Mucocele involving the anterior clinoid process: MR and CT findings. (1/127)

We report two patients with surgically proved mucoceles involving the anterior clinoid process. One patient had a mucocele of an Onodi cell and the other had a mucocele isolated to the anterior clinoid process. The MR signal was increased on both T1- and T2-weighted images in the first patient but was isointense on both sequences in the second patient, a finding that resulted in misdiagnosis. The developmental and anatomic features, as well as the diagnostic pitfalls, are discussed.  (+info)

Benign expansile lesions of the sphenoid sinus: differentiation from normal asymmetry of the lateral recesses. (2/127)

BACKGROUND AND PURPOSE: There is a wide range of normal variation is sphenoid sinus development, especially in the size of the lateral recesses. The purpose of this study was to determine imaging characteristics that may help differentiate between opacification of a developmentally asymmetric lateral recess and a true expansile lesion of the sphenoid sinus. METHODS: Coronal CT was performed in seven patients with expansile or erosive benign lesions of the sphenoid sinus, and results were compared to a control population of 72 subjects with unopacified sphenoid sinuses. The degree of asymmetry of lateral recess development was assessed with particular attention to the separation of vidian's canal and the foramen rotundum (vidian-rotundum distance). The images were also examined for evidence of: erosion, defined as loss of the normal thin bony margin on at least two contiguous sections; apparent thinning of the sinus wall, defined as a focal apparent decrease in thickness again on at least two contiguous sections; and for vidian's canal or foramen rotundum rim erosion or flattening. RESULTS: Of the seven patients with expansile lesions, vidian's canal margin erosion was present in seven, unequivocal sinus expansion in three, wall erosion in three, wall thinning in three, erosion of the foramen rotundum in two, and flattening in the foramen rotundum in four. Forty-one of the 72 controls had lateral recess formation, 28 of which were asymmetric. The distance between vidian's canal and the foramen rotundum (vidian-rotundum distance) relied on the presence or absence of pneumatization, with a significantly larger distance in the presence of greater wing pneumatization. Examination of 24 controls revealed apparent thinning of the sinus wall, typically at the carotid groove, but no flattening, thinning, or erosion of the vidian canal or of the foramen rotundum. CONCLUSION: Examination of controls and patients with expansile or erosive lesions of the sphenoid sinus revealed side-to-side asymmetry in the development of the sinus and lateral recess, making subtle expansion difficult to assess. Furthermore, variability in the vidian-rotundum distance correlated with degree of pneumatization, and did not necessarily reflect expansion. Thus, in the absence of gross sinus wall erosion, flattening or erosion of the rims of vidian's canal or the foramen rotundum provides the most specific evidence of an expansile or erosive process within the sinus.  (+info)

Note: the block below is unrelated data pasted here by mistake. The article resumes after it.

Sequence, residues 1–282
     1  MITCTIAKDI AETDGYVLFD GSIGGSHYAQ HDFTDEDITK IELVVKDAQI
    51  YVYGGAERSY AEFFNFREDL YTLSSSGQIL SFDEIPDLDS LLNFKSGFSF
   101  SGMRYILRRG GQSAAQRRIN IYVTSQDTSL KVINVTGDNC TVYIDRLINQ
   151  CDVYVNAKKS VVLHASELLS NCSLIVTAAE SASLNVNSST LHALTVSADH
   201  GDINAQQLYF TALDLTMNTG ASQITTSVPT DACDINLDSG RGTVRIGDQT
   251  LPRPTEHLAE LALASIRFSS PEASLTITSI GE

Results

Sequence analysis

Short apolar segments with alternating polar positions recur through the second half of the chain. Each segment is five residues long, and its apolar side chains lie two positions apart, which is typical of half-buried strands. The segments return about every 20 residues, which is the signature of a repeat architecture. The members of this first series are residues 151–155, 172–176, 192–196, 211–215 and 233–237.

Preoperative short-term administration of octreotide for facilitating transsphenoidal removal of invasive growth hormone-secreting macroadenomas. (3/127)

The somatostatin analog octreotide was administered prior to transsphenoidal surgery in three patients with tumors that extended to the suprasellar space and one side of the cavernous sinus. Octreotide, 100 micrograms twice a day, was subcutaneously injected for 2 weeks. Octreotide administration reduced the serum growth hormone (GH) levels in these patients from 82 to 22 ng/ml, from 148 to 12 ng/ml, and from 129 to 9 ng/ml. The tumor size shrank by about 50%, and the suprasellar extension disappeared in two patients. The main tumor was sharply dissected from the normal pituitary gland at surgery. Intracavernous portions were removed using a curette. Postoperatively, GH levels were less than 5 ng/ml in two patients, and 8.5 ng/ml in one patient. Follow-up magnetic resonance imaging revealed a small residual tumor in one side of the cavernous sinus in all patients. Follow-up GH levels were less than 5 ng/ml in one patient, and less than 2 ng/ml in two patients treated with bromocriptine. Preoperative administration of octreotide for 2 weeks reduced tumor volume and allowed near-total surgical resection of invasive macroadenomas without compromising the treatment course. Residual tumor due to intracavernous extension can be managed with bromocriptine or gamma knife radiosurgery.  (+info)

Primary osteogenic sarcoma involving sella-sphenoid sinus--case report. (4/127)

A 38-year-old male presented with an extremely rare primary osteogenic sarcoma, unassociated with Paget's disease or late effects of radiation, involving the sella and sphenoid sinus region. Complete excision of the tumor was achieved through an extended frontobasal approach. Postoperatively, six cycles of combination chemotherapy (adriamycin, ifosphamide, and cisplatin) followed by a total of 55 Gy local radiotherapy in 33 fractions was given. Primary osteogenic sarcoma should be considered in the differential diagnosis of the central skull base tumors. Osteogenic sarcoma, in general, has a bad prognosis, and should be managed aggressively with multimodality treatment including gross total surgical resection, combination chemotherapy, and radiotherapy.  (+info)

Cavernous sinus syndrome associated with nonsecretory myeloma. (5/127)

The case of a 53-year-old man who developed cavernous sinus syndrome (CSS) four years after being diagnosed as having nonsecretory myeloma is described. He was admitted with diplopia and dull pain over the right infraorbital and zygomatic region in June 1997. The cause of CSS was the intracranial involvement of myeloma, which was diagnosed by fiberscopic biopsy. The results of endocrinologic evaluation were almost normal. The response to radiotherapy and chemotherapy was mild. CSS caused by nonsecretory myeloma is rare and its prognosis is poor. More aggressive chemotherapy with stem cell support may be indicated.  (+info)

Age-related expansion and reduction in aeration of the sphenoid sinus: volume assessment by helical CT scanning. (6/127)